Spruille Braden later helped get Anastasio Somoza Debayle a starter dictatorship in Nicaragua, where his family had already ruled since 1937. In his first act as President of Nicaragua on May Day 1967 he awarded Ambassador Braden and wife Verbena “The Great Cross of Rubén Dario,” the semi-forgotten poet star of America who conquered Spain, and then was conquered by wine that conquers the poet when water could save us all, but the wine if Rioja craves to transfuse out veins.

On which occasion, the dictator made the remarks that: “Diplomatic ‘Patience and good manners are fine under the Marques of Queensberry rules, but they lead to defeat when applied to a barroom fight, like that which we have with the Kremlin. Often it is necessary to fight fire with fire. Nobody more than I opposed to intervening in the affairs of other nations. But. . . we can be compelled to intervene. . . I would like to emphasize that exalted moneyism , excuse me, capitalism, excuse me, communism, there I said it.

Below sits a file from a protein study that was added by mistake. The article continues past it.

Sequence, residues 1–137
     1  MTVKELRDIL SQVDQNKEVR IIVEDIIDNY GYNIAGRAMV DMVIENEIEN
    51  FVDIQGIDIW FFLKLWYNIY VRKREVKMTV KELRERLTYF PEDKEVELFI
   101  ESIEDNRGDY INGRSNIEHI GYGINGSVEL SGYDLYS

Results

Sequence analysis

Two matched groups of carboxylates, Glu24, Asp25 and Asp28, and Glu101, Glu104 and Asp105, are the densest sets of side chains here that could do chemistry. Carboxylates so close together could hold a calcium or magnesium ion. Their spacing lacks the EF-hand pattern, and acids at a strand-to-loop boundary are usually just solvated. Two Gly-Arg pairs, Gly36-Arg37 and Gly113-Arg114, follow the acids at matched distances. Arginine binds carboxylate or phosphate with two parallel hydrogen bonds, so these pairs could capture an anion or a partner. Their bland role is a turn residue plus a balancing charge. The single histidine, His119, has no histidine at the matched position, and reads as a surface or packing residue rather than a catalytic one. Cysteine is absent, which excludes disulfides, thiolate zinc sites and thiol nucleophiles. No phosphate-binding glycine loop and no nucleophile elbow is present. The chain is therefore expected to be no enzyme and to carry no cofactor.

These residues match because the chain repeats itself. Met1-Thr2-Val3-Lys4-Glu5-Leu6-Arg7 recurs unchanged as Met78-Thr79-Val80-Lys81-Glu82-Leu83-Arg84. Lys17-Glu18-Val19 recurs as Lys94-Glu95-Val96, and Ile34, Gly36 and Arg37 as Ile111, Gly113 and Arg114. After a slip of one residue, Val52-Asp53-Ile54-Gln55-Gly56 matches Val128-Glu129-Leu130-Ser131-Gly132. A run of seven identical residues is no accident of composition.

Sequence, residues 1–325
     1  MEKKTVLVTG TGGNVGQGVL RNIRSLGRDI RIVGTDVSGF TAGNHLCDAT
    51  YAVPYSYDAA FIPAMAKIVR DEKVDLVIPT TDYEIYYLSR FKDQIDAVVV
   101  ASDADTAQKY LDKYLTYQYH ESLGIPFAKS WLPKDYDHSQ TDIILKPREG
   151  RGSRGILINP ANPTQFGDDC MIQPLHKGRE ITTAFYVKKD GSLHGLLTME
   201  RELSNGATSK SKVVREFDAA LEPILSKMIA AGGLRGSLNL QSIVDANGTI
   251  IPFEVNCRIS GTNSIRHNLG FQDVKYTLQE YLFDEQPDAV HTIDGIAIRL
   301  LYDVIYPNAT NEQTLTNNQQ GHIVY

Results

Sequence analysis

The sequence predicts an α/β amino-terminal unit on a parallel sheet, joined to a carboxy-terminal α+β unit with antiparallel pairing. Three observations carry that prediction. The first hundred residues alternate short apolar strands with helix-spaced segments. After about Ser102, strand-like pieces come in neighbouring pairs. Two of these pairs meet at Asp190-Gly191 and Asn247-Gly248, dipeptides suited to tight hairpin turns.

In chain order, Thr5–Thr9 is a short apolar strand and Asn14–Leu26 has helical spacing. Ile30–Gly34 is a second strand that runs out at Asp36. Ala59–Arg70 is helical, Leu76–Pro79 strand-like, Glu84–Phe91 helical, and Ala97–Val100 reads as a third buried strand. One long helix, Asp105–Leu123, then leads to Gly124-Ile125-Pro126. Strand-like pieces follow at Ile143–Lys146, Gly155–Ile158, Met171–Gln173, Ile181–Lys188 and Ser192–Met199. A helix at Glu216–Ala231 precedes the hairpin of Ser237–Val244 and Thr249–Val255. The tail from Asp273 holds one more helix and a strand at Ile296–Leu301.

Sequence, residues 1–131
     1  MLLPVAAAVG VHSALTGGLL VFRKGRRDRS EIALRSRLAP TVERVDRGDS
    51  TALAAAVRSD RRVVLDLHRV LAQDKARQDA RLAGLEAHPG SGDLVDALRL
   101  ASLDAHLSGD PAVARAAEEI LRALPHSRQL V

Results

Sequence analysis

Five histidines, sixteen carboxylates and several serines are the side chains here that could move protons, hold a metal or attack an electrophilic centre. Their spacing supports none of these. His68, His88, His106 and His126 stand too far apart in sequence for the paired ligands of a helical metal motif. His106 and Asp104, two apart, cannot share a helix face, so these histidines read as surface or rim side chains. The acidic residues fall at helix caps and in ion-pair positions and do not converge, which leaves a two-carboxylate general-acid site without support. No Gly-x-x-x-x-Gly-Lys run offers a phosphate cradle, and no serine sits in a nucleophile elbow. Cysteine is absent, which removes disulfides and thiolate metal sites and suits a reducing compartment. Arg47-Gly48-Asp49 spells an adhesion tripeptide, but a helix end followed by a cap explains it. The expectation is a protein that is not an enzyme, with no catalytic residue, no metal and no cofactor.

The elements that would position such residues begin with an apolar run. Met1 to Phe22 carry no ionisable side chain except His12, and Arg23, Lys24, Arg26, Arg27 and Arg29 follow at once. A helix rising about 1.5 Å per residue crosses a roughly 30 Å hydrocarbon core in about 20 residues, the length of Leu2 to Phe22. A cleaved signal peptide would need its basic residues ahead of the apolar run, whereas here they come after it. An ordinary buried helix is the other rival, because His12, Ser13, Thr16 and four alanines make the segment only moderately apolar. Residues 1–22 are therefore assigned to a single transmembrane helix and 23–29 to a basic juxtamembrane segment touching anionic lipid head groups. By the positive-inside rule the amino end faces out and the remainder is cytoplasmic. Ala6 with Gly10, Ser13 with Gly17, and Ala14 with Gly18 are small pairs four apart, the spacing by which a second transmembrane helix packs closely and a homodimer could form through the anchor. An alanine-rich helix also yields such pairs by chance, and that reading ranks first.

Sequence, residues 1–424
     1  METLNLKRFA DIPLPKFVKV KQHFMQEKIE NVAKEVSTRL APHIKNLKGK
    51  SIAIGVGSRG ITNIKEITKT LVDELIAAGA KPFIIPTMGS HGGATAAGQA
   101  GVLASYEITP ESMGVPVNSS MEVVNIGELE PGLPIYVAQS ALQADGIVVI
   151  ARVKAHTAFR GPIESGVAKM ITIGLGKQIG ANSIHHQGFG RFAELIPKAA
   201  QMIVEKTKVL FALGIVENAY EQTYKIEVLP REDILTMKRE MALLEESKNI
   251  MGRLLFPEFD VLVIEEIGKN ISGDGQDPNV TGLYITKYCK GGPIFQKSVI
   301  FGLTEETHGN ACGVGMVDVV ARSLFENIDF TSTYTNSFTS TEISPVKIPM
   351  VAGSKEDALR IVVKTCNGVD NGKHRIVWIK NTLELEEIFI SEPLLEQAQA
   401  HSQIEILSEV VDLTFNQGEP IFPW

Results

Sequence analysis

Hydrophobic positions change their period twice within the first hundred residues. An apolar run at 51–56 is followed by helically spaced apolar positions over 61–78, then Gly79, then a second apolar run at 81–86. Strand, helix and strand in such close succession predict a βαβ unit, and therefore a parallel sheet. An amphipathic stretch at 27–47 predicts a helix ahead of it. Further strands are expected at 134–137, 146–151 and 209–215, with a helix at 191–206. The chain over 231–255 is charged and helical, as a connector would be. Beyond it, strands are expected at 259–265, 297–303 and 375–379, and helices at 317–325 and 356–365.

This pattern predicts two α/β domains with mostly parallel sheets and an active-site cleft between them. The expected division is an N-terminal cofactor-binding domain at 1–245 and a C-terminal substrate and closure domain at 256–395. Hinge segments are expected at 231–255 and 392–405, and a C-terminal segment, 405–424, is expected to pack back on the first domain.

Communism is so flagrantly global and not domestic. Its suppression, even by force, in an American country, by one or more of the other republics, does not constitute intervention in internal affairs.”  

To be continued…

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Hollywood humorist Grady grew up in the heart of Steinbeck Country on the Central California coast. More Bombeck than Steinbeck, Grady Miller has been compared to T.C. Boyle, Joel Stein, and Voltaire. He briefly attended Columbia University in New York and came to Los Angeles to study filmmaking, but discovered literature instead, in T.C. Boyle’s fiction writing workshop at USC. In addition to A Very Grady Christmas, he has written the humorous diet book, Lighten Up Now: The Grady Diet and the popular humor collection, Late Bloomer (both on Amazon) and its follow-up, Later Bloomer: Tales from Darkest Hollywood. (https://amzn.to/3bGBLB8) His humor column, Miller Time, appears weekly in The Canyon News (www.canyon-news.com)